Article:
Adaptation Strategies are generally grouped as Protection, Accommodation, and Retreat. Within these categories, Sierra Club national policy favors nature-based climate adaptation and carbon drawdown strategies, as opposed to use of dams, levees, reservoirs, and other structural approaches.
The following definitions are taken from the California Coastal Commission's Adaptation for Sea Level Rise document(https://www.coastal.ca.gov/climate/slr/vulnerability-adaptation/adaptation/)
Protection strategies employ some sort of engineered structure or other measure to defend development (or other resources) in its current location without changes to the development itself. Protection strategies can be further divided into “hard” and “soft” defensive measures or armoring. Although the Coastal Act provides for potential protection strategies for “existing development” in certain situations, it also directs that environmental impacts shall be avoided or mitigated and that new development shall be sited and designed to not require future protection that may alter a natural shoreline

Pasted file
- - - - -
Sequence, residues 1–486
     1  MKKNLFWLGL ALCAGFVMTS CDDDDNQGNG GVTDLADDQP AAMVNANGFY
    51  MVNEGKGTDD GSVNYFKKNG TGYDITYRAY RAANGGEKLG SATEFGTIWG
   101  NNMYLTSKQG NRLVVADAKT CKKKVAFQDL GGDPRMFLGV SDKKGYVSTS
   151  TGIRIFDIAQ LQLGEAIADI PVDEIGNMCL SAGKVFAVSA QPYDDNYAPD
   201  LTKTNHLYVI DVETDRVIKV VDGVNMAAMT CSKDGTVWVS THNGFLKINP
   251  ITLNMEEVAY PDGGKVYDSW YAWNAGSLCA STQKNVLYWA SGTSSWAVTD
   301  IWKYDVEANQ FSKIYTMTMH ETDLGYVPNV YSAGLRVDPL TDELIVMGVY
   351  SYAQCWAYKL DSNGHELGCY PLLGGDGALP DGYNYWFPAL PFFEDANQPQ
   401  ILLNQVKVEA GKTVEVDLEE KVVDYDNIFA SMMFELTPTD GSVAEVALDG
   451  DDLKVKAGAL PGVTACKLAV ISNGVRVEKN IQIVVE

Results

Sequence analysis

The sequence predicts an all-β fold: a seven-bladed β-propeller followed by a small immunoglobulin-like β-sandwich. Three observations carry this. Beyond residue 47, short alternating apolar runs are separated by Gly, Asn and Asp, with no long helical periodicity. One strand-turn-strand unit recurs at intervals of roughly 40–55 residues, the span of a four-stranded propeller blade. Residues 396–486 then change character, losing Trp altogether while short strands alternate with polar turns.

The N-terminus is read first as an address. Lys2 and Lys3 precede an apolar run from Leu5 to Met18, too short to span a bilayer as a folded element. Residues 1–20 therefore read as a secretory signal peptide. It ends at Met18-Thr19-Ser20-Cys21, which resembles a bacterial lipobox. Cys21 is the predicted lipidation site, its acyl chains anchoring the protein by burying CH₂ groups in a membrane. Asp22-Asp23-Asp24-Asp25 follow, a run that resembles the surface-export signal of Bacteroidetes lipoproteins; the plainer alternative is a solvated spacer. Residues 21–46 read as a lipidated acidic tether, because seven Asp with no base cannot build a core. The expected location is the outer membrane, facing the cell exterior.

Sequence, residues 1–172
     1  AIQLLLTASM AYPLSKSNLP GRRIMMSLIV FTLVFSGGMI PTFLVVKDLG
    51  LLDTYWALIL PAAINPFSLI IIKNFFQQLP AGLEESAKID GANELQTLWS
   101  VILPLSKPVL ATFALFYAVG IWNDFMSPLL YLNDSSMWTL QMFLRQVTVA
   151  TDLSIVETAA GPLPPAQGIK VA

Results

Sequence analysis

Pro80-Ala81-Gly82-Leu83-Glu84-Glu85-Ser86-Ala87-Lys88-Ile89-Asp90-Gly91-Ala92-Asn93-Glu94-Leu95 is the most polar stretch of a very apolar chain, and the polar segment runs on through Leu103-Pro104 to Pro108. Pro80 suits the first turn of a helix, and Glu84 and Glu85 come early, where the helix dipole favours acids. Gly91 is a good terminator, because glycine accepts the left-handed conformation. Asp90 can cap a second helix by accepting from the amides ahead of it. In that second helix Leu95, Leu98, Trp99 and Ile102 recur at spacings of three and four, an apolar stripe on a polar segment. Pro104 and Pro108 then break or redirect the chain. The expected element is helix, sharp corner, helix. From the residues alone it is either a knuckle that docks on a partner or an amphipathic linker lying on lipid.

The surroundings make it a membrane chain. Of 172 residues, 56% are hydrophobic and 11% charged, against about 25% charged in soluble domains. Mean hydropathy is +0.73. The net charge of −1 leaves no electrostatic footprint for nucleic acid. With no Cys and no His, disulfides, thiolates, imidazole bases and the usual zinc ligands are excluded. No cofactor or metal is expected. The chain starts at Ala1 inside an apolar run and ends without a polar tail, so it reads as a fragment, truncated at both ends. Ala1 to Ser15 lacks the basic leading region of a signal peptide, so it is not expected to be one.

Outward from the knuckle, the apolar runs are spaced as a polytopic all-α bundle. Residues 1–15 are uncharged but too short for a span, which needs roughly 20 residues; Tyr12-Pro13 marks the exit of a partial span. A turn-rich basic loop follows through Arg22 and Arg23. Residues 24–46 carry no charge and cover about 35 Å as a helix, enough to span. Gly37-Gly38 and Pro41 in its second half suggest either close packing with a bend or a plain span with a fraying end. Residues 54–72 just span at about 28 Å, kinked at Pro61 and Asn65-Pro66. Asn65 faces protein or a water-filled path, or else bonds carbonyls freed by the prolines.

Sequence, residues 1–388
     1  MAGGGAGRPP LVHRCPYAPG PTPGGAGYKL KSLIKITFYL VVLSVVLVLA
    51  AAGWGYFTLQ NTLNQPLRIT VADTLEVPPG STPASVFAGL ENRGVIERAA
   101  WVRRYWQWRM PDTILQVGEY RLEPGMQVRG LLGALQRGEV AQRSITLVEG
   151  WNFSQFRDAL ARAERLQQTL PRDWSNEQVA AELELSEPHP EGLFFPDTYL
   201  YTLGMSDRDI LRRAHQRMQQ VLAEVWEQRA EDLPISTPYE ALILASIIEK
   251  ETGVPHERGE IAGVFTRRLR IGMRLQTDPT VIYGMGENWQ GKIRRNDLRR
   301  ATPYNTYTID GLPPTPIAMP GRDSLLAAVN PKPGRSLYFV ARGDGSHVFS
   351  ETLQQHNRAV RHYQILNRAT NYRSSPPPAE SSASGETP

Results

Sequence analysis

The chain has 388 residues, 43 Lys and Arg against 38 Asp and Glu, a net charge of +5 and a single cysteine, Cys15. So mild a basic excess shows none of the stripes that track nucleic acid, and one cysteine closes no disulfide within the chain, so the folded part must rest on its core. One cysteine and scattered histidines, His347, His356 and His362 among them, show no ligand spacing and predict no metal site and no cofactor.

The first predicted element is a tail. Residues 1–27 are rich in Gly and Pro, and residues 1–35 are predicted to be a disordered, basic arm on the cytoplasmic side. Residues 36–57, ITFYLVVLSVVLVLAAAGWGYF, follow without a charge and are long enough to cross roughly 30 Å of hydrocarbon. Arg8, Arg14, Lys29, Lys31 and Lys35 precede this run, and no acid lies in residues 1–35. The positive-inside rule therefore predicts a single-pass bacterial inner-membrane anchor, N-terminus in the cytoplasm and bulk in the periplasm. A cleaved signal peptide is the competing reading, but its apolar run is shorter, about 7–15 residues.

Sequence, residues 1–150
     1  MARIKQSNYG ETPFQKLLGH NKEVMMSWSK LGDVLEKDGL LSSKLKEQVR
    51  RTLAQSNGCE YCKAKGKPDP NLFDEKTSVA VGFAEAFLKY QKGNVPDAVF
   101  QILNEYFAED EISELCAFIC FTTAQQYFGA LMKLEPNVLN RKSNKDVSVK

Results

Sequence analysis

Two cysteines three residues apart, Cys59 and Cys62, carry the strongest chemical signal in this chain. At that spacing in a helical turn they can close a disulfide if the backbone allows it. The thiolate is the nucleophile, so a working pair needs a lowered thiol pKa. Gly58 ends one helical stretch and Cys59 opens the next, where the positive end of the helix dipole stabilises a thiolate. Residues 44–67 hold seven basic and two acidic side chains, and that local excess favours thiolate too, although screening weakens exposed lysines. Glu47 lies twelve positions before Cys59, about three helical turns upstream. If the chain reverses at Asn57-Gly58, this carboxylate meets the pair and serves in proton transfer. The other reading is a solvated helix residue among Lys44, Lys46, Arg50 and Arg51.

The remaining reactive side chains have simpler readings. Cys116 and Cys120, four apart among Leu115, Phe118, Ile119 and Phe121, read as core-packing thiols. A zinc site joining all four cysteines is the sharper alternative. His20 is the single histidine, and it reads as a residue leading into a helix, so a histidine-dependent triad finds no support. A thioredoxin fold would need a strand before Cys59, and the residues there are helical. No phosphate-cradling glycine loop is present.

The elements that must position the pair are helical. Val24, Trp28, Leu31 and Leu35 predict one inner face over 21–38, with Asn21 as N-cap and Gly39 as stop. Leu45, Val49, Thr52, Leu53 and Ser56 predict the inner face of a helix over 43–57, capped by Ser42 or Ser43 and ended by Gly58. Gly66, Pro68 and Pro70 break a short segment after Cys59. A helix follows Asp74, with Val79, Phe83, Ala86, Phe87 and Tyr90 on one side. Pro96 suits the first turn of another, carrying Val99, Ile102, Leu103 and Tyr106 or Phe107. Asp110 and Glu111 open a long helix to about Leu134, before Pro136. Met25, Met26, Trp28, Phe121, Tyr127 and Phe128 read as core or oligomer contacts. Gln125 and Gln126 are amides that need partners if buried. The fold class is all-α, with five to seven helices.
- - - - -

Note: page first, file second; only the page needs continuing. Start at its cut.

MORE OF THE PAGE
Accommodation strategies refer to those strategies that employ methods that modify existing developments or design new developments to decrease hazard risks. Examples of accommodation strategies at the individual project scale include retrofits such as elevating structures, using materials meant to increase the strength of development, or building structures that can easily be relocated when they become threatened. On a community-scale, examples of some accommodation strategies include any of the land use designations, zoning ordinances, or other measures that require the above types of actions.
Retreat strategies are those strategies that relocate or remove existing development out of hazard areas and limit the construction of new development in vulnerable areas. These strategies include land use designations and zoning ordinances that encourage building in less hazardous areas or gradually removing and relocating existing development.